This J Peterman Cake is the ultimate standard for vanilla cake with a satiny smooth frosting!
I want a J Peterman life. There’s seduction of eyes met from across the room, portfolios and bonds, weekends hunting upstate with the basset hounds, spur of the moment trips to the Maldives or Marrakesh.
You don’t need to be on trend. You’re not in the short term competition to be en vogue. You’re an everlasting, unfaltering classic that watches the fads fight it out below. Paleo? Raw? Gluten Free? As a set ideal standard, you don’t need to worry about fuss. Your are the portion control master. You are the person who drinks heavy cream in coffee each morning and still has an Audrey Hepburn waist.
To say the least, I love pouring over the descriptions in these catalogs. You don’t need pictures for the clothing, these people can afford to drop money on the mere illustrations.
This cake represents the J Peterman life style. A classic vanilla cake. In the cake world, it seems as if vanilla cake is the most elusive. It’s an obvious flavor, but oh-so easy to screw up. It’s hard baking the right one. Vanilla cake has to be moist without being dense, as well as fluffy without being rubbery. I’ve made many vanilla cakes, but this one is different. Here the J Peterman Cake combines the richness of an egg yolk cake with the levity of an egg white cake. Combining different fats and different flours makes for a cake texture that’s universally appealing.
Again one fat is never enough. For the frosting a combination of butter, cream cheese, and sour cream make with a texture that scream luxuriousness. It’s the Cadillac of buttercream frostings. The frosting for this J Peterman Cake is full of fat and makes no apologies.
The J Peterman Cake sets a standard and raises the bar and remains a timeless classic.
- 4 large egg whites
- 2 ¼ cups granulated sugar, divided
- 1 ½ cups all-purpose flour
- 1 ½ cups cake flour
- 1 ½ teaspoons baking powder
- ¾ teaspoon fine salt
- ½ teaspoon baking soda
- 1 ½ cups (3 sticks, 12 ounces) unsalted butter, from the refrigerator and cut into small cubes
- 3 tablespoons vegetable oil
- ½ cup sour cream, room temperature
- 9 large egg yolks
- 1 cup buttermilk, room temperature
- 1 ½ tablespoons vanilla
- 1 lb unsalted butter, cubed and room temperature
- 8 ounces cream cheese, cubed and room temperature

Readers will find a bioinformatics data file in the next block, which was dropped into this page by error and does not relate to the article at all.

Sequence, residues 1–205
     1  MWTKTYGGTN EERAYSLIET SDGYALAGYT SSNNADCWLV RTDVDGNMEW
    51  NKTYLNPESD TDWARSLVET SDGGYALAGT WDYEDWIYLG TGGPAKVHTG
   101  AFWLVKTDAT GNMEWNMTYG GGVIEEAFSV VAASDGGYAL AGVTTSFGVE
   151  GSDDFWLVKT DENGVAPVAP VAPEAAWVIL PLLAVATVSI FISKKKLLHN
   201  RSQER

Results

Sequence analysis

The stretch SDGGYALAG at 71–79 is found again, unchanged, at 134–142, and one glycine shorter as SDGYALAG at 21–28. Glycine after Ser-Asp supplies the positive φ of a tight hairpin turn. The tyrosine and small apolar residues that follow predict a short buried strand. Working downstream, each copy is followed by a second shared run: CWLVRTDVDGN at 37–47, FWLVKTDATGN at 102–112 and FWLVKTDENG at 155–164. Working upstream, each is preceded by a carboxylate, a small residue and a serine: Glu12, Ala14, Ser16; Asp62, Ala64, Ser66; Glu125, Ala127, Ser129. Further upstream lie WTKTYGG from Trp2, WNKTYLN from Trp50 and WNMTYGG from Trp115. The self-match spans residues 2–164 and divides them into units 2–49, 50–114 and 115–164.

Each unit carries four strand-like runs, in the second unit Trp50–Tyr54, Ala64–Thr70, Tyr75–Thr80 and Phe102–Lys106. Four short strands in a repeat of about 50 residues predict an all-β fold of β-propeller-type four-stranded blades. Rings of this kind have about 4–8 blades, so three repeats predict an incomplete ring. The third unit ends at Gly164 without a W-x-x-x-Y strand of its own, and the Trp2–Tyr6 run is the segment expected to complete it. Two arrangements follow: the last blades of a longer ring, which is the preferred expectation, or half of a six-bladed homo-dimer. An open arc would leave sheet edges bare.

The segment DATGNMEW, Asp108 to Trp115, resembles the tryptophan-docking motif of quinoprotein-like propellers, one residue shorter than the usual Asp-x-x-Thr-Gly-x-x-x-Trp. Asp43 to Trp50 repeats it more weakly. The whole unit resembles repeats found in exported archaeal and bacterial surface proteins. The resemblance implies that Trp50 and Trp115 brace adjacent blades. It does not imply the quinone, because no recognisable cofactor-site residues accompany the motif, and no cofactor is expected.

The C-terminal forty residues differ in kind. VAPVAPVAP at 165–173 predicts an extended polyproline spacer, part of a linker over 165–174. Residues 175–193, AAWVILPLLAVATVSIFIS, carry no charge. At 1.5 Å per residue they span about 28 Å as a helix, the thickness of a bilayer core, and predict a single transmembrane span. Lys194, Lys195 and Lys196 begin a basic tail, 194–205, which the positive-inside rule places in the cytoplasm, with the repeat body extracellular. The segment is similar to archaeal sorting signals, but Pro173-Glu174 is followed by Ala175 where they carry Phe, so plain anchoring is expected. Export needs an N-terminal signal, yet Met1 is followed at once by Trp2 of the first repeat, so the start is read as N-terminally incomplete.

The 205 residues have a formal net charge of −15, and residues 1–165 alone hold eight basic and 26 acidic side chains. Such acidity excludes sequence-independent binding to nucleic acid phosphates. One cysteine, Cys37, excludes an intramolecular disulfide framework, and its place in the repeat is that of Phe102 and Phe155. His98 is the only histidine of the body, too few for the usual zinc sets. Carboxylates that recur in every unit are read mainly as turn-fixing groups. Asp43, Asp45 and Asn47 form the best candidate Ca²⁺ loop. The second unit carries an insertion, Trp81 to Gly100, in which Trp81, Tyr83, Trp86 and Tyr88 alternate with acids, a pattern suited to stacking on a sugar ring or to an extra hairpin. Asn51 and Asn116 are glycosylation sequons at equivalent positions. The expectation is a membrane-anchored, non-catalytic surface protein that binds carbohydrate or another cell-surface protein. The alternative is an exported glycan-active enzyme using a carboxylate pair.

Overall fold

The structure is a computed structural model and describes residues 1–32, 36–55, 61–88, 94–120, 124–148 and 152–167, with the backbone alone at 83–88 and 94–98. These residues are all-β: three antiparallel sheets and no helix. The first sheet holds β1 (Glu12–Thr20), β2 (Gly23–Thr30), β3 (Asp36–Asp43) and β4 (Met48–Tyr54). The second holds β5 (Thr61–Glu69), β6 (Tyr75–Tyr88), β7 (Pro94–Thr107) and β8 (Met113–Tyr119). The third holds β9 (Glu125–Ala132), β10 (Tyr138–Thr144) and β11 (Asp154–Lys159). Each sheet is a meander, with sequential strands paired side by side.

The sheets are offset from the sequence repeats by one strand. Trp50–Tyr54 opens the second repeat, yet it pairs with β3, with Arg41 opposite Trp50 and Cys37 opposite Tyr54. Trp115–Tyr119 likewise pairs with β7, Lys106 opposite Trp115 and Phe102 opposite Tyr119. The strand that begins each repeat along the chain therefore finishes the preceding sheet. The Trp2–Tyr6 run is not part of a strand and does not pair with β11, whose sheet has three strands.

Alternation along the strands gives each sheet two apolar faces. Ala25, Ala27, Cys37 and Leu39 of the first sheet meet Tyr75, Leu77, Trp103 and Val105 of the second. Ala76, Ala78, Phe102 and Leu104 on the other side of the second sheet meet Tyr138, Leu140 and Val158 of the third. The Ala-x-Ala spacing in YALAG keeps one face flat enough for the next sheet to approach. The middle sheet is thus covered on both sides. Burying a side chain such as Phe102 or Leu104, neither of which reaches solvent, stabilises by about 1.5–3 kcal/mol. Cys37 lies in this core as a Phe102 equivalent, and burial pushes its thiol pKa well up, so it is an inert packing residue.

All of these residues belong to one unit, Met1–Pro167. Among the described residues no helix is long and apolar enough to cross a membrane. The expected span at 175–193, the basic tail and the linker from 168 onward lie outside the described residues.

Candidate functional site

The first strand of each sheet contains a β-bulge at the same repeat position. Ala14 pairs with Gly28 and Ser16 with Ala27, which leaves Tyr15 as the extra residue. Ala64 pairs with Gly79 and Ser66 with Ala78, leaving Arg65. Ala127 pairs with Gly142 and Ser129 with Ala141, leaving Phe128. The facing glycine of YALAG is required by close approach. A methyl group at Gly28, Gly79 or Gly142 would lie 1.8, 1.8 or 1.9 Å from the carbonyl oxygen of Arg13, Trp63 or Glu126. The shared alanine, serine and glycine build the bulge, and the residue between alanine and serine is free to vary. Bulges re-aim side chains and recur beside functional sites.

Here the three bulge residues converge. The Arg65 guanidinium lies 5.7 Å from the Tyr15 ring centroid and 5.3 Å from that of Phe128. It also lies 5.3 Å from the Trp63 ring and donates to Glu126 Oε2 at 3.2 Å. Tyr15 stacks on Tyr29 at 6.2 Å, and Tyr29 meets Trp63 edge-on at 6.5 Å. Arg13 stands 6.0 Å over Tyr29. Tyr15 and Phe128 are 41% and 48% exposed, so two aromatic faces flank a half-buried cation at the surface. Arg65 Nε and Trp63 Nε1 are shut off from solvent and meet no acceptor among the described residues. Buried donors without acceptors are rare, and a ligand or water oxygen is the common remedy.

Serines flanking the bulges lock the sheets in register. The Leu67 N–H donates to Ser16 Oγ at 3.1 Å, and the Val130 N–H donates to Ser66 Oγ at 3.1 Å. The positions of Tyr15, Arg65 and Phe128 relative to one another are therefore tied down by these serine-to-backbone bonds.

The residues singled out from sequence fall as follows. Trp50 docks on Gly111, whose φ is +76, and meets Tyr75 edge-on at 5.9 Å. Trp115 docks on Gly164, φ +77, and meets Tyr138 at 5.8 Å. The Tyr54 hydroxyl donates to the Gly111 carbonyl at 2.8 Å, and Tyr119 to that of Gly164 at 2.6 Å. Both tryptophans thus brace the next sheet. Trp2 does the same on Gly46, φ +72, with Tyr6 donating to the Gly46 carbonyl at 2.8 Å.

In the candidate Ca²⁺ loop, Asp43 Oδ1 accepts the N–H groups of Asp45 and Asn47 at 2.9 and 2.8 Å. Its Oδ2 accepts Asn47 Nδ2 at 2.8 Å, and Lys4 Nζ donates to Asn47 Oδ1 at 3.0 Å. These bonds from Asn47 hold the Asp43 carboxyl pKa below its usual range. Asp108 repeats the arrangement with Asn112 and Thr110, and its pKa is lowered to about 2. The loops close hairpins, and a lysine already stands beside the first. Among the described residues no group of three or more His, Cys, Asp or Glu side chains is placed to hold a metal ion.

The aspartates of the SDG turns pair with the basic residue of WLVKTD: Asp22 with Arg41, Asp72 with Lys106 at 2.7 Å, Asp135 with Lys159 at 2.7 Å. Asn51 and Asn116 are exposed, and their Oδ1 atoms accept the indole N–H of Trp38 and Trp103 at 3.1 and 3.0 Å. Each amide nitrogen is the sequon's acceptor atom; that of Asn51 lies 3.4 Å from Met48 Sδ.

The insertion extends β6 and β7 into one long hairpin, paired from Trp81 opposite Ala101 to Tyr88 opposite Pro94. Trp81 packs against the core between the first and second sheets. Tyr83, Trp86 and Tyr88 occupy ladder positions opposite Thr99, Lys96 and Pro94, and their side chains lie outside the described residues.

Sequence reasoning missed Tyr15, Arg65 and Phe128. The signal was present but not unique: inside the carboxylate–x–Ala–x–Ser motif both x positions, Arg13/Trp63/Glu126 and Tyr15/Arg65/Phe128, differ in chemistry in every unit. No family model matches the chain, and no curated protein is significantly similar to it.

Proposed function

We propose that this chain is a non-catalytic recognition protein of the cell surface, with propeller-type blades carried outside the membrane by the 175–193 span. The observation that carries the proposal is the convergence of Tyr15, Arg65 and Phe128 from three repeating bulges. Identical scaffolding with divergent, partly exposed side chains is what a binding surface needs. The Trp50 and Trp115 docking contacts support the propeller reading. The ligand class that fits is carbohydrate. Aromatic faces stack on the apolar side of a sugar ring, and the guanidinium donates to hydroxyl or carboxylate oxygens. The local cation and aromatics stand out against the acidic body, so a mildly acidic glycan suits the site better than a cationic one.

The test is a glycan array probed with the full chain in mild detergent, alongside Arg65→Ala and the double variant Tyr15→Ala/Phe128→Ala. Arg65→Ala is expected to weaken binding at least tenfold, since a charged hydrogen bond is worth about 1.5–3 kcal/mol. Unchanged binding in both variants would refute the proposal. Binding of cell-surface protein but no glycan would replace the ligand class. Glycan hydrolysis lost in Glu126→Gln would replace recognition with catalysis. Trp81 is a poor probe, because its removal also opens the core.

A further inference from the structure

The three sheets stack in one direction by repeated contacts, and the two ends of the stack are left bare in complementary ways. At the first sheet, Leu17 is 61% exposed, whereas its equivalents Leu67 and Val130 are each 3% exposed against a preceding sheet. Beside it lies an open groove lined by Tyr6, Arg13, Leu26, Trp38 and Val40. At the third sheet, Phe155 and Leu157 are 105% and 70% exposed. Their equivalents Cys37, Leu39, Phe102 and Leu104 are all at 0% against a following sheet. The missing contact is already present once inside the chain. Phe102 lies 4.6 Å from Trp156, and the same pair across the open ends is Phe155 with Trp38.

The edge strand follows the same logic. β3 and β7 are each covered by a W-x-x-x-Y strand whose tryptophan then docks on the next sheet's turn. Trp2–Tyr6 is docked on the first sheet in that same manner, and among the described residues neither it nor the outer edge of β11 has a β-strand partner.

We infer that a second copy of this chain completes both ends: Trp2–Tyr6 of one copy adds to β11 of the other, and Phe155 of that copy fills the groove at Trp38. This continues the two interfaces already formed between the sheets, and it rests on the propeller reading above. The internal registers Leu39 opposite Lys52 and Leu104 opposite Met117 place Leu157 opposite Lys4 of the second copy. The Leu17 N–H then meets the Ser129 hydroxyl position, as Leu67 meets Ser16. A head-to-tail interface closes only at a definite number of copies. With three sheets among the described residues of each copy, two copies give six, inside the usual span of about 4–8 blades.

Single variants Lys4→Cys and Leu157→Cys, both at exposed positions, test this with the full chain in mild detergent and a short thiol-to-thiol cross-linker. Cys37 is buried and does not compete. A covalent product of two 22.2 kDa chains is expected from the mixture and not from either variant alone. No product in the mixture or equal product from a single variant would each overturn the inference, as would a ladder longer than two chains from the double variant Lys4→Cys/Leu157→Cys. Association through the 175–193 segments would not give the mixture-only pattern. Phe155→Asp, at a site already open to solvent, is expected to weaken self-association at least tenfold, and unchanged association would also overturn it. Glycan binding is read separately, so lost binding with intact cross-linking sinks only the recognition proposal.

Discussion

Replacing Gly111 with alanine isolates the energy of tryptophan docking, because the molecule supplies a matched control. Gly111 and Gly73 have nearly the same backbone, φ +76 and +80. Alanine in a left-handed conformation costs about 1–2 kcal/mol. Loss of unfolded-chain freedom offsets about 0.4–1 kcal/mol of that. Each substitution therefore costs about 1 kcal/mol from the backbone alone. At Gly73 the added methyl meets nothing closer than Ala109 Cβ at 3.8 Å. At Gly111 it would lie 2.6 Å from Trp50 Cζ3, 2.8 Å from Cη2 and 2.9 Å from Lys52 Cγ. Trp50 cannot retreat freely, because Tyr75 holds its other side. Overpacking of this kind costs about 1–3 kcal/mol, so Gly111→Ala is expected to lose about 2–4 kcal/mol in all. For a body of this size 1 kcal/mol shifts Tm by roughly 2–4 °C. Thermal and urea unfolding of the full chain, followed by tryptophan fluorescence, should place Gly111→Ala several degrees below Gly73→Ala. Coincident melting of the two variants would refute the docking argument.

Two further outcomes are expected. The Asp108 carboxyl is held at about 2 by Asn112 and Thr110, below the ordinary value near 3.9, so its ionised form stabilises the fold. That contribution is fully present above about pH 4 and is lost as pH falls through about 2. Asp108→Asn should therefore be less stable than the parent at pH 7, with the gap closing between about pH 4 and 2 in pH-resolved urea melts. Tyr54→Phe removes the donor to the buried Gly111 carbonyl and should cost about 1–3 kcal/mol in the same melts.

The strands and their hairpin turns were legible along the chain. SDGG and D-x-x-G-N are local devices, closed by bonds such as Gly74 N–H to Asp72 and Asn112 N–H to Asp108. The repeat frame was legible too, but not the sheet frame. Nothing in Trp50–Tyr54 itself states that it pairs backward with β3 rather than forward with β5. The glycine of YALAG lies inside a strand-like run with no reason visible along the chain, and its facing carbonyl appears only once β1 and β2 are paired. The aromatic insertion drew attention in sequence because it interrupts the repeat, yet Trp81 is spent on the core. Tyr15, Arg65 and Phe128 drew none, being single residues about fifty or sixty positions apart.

- 4 to 7 cups powdered sugar
- ½ teaspoon fine salt
- 1 ½ tablespoons vanilla
- ivory food gel
- ½ to ⅔ cup full-fat sour cream, room temperature
- Preheat oven to 350 degrees F. Grease three 8-inch cake pans with baking spray, set aside. In a stand mixer fitted with a whisk attachment whip egg whites on medium-high speed until soft peaks form. Lower speed to gradually add ¼ cup granulated sugar, and raise whipping until stiff peaks form. Transfer to another bowl and clean the mixer's bowl.
- In the now clean bowl of the stand mixer whisk together remaining sugar, flours, baking power, salt, and baking soda. Fit mixer with a paddle attachment. Add cubed butter and oil and turn mixer on low to incorporate the fats into the dry ingredients, about 3 minutes on medium speed. Scrape down bowl, add sour cream and beat for 2 more minutes. In the meantime whisk egg yolks, buttermilk, and vanilla together.
- With mixer on low add the egg mixture in two batches, beating 1 minute after each addition. Give the bowl and paddle a scrape. Stir ⅓ of the beaten egg whites into batter, just to lighten it. Fold remaining egg whites ⅓ at a time into the batter.
- Divide batter between prepared pans and bake for 34 to 38 minutes, rotating halfway. The cakes will be golden on the top and will begin to shrink away from the pan.
- Let cakes cool in pan for 5 minutes before inverting onto a wire rack to cool completely.
- In a stand mixer fitted with a paddle attachment beat butter and cream cheese on medium-high speed until whipped, light and fluffy, about 3 minutes scraping the bowl and paddle periodically. Gradually add powdered sugar, salt, vanilla, and food gel on a low speed then raise speed to blend until smooth and lump free. Add sour cream at the end, beating to incorporate.
- Use a serrated knife to level off cake tops. Dollop a bit of frosting onto the cake board and secure the first cake layer. Apply an even layer of frosting and secure the next cake layer. Repeat process, topping with third and final layer. The frosting will be soft, so do a gentle crumb coat, refrigerating for 30 minutes to an hour. Do a final thicker coating. Use remaining frosting to pipe a boarder.